Sadie Miller: always one of us

Callan Showers, Editor in Chief

As I walk through the school hallways, I recognize faces I have come to know well in my 13 years in the Hopkins District. Tanglen Elementary, North Junior High, and HHS have been my second homes.

For HHS students, especially those who attended Glen Lake Elementary and West Junior High, one familiar face is missing from the senior class.

Sadina Miller’s life was taken far too early this summer, on June 17, 2014. I need not say the milestones of life that she will miss, and the magnitude by which her loved ones will miss her.

Although she left HHS in the fall of 2013, Sadie made more than ten years of memories as a Hopkins student.

To be clear, the purpose of this piece is not to evoke the grief that so many of us felt after Sadie’s death this summer, and I hope those closest to Sadie understand that I am not attempting to bring myself closer to Sadie than I was – I never got to know her.

The purpose is the recognition that the Hopkins District was home for Sadie, too.

Eight years ago. We played on the playground at recess, and, occasionally, an unlucky classmate would scrape a knee.

Five years ago. We learned how to knit in FACS, we plunged headfirst into the land of flirting and first kisses.

Summer 2014. One of us overdoses on heroin.

This fact is stark, shocking, and sad. One of us, the students of District 270, is gone. Gone to the drug that has taken 290 lives in Minn. from 1999 through 2013, according to preliminary figures from the Minnesota Department of Health.

As we remember Sadie’s life, it is our duty as her peers to acknowledge that there was not one moment in which she became a bad kid, a “druggie,” someone whose value is less than the rest of our peers. She was one of us, who was addicted to an extremely dangerous drug.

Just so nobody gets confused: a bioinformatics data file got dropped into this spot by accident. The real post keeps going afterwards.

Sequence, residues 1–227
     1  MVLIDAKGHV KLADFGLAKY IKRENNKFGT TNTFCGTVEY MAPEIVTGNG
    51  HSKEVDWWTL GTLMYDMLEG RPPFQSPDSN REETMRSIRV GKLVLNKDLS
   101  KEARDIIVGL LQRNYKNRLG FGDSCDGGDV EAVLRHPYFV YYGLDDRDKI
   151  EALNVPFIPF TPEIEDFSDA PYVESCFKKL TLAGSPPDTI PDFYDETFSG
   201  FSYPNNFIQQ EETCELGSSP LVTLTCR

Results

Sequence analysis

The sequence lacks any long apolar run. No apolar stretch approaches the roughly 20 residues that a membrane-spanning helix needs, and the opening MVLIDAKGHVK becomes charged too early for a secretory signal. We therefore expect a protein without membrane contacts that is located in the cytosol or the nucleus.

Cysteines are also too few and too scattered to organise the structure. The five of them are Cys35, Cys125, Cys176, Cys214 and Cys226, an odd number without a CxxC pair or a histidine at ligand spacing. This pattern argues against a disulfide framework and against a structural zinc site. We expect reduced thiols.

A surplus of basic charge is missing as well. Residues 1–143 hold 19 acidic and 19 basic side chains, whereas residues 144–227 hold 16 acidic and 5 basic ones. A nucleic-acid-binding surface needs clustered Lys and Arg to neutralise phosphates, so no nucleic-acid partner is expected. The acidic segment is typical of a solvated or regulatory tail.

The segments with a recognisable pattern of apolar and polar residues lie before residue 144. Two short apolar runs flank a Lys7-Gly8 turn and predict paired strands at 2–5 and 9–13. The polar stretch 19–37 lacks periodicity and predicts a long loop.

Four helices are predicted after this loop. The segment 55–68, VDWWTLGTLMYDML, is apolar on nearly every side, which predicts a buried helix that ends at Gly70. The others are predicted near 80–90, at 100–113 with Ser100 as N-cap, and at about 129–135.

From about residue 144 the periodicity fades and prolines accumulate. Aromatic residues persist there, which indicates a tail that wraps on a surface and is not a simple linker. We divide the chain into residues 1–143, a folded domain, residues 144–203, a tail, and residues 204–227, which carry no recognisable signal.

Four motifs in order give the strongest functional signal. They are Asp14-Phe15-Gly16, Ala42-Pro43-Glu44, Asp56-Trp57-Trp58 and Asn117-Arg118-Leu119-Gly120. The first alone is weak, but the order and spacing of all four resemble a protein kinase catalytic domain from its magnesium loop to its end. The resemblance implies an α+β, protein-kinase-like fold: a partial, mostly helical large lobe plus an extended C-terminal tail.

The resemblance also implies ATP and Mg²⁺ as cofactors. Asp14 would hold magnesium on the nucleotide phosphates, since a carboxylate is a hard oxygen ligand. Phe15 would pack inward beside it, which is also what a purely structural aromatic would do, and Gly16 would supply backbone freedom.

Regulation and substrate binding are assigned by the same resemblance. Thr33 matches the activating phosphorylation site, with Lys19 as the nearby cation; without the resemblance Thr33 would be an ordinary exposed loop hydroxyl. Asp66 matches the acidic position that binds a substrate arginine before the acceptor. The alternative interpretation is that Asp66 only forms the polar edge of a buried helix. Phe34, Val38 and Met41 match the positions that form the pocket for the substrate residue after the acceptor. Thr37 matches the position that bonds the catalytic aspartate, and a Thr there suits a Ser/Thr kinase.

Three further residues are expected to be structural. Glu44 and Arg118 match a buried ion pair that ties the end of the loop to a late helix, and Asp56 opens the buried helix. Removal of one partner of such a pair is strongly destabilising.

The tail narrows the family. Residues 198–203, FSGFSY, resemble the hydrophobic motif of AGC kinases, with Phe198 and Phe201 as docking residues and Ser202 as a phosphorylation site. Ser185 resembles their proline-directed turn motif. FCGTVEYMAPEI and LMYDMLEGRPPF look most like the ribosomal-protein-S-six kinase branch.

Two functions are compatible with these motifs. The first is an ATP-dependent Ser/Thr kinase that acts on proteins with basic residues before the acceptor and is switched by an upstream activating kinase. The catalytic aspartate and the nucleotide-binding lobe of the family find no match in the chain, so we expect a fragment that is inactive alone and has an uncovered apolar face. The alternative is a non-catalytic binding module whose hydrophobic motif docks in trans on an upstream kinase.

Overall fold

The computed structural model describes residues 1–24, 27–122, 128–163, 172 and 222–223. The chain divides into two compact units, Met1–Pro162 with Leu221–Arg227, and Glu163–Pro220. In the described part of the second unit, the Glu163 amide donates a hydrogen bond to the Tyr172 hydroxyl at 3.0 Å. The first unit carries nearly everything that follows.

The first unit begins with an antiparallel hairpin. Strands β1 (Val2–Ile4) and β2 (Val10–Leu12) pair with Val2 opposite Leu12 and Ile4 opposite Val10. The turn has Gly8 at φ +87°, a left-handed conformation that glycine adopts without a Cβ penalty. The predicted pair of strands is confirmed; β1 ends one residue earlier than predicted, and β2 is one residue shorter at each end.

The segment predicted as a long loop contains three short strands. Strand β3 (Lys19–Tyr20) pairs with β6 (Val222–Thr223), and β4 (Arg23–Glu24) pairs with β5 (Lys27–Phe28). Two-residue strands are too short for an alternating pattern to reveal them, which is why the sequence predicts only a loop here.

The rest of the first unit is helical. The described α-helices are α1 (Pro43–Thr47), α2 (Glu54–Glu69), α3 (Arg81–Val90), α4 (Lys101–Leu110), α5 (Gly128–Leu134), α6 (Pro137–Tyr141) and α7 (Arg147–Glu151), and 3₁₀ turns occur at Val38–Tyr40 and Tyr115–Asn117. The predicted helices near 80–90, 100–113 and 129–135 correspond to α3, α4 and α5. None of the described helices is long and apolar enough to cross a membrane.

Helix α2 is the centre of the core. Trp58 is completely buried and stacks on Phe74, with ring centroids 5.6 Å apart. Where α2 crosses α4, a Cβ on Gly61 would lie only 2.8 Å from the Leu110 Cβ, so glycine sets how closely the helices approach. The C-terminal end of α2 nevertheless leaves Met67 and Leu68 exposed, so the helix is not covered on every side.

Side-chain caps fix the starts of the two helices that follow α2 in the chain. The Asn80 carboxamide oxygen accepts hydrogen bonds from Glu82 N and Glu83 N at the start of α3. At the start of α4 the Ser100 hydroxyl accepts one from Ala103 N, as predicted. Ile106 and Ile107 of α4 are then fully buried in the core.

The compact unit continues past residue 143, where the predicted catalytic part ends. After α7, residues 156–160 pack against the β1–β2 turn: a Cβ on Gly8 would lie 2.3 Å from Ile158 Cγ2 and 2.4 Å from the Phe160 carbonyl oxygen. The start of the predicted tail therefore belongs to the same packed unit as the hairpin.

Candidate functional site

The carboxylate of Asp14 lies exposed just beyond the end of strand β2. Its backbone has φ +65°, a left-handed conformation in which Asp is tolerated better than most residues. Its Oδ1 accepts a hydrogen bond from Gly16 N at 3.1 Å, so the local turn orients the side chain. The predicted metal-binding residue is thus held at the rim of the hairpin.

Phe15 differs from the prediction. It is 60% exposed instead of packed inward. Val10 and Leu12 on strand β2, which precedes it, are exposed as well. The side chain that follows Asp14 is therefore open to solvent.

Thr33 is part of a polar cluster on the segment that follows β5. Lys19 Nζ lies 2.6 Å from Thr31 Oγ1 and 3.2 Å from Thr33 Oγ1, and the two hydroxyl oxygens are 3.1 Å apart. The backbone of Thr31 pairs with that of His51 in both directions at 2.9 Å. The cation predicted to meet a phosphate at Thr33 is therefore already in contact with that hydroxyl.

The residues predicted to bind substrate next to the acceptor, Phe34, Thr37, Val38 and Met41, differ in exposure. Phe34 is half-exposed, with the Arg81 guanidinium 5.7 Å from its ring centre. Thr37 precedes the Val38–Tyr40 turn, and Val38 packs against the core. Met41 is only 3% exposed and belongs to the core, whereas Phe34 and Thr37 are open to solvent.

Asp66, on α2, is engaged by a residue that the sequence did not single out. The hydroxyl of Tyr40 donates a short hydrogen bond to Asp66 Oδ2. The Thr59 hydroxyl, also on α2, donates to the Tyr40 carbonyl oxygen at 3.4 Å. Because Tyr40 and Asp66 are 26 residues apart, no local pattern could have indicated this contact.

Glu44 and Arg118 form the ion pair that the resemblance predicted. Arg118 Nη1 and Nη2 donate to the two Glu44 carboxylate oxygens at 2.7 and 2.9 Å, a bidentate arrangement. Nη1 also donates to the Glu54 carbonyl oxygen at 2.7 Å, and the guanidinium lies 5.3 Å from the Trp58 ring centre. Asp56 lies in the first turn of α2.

Life is fragile. Throughout the years, I’ve grown desensitized to talk about underage drinking, casual sex, marijuana – because more people are talking about it, and more people are doing it. That never happened with heroin.

Heroin is something foreign, scary. Something that, before Sadie’s death, I entertained only as being for strung-out rock stars and far-gone homeless people. Never did I think about the force with which it could overtake one of my former peers.

We need to recognize the fragility of life, and the fragility of every single choice we make. Sadie’s choices led her to the dark times of substance-abuse that we will all be impacted by at some point.

The disease of addiction was a manipulative, consuming monster in Sadie’s life. Her disease began with marijuana and adderal, 2 drugs that are viewed as innocuous or even helpful on many school campuses. Sadie’s life was not her addiction. The last choices she made cannot be the way that we, the faces she saw every day in the halls, on the first day of Kindergarten, in the hockey rink, remember her.

Sadie will always be one of us.